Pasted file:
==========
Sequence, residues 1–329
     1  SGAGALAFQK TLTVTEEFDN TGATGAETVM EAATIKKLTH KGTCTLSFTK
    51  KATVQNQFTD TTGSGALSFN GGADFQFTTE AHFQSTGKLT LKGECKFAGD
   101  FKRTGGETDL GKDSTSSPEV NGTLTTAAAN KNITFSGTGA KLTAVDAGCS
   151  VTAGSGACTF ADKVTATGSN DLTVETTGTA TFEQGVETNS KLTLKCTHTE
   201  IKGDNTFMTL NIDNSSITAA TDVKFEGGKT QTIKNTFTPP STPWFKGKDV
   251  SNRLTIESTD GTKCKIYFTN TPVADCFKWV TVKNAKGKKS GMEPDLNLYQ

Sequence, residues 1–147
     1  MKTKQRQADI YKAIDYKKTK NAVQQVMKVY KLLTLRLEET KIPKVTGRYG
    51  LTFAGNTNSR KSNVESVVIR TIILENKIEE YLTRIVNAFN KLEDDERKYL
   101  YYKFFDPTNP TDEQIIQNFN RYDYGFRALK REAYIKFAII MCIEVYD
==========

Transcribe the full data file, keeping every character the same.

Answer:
Sequence, residues 1–329
     1  SGAGALAFQK TLTVTEEFDN TGATGAETVM EAATIKKLTH KGTCTLSFTK
    51  KATVQNQFTD TTGSGALSFN GGADFQFTTE AHFQSTGKLT LKGECKFAGD
   101  FKRTGGETDL GKDSTSSPEV NGTLTTAAAN KNITFSGTGA KLTAVDAGCS
   151  VTAGSGACTF ADKVTATGSN DLTVETTGTA TFEQGVETNS KLTLKCTHTE
   201  IKGDNTFMTL NIDNSSITAA TDVKFEGGKT QTIKNTFTPP STPWFKGKDV
   251  SNRLTIESTD GTKCKIYFTN TPVADCFKWV TVKNAKGKKS GMEPDLNLYQ

Sequence, residues 1–147
     1  MKTKQRQADI YKAIDYKKTK NAVQQVMKVY KLLTLRLEET KIPKVTGRYG
    51  LTFAGNTNSR KSNVESVVIR TIILENKIEE YLTRIVNAFN KLEDDERKYL
   101  YYKFFDPTNP TDEQIIQNFN RYDYGFRALK REAYIKFAII MCIEVYD